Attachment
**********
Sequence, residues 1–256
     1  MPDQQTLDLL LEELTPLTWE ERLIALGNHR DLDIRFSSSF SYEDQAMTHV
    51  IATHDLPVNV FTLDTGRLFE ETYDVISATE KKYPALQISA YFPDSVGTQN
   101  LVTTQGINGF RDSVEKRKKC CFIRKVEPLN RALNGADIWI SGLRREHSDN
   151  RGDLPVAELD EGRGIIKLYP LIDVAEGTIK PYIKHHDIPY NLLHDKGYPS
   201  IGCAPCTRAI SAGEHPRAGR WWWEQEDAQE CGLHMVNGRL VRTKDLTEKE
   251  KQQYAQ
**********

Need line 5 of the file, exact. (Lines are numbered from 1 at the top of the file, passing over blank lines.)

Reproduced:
   151  RGDLPVAELD EGRGIIKLYP LIDVAEGTIK PYIKHHDIPY NLLHDKGYPS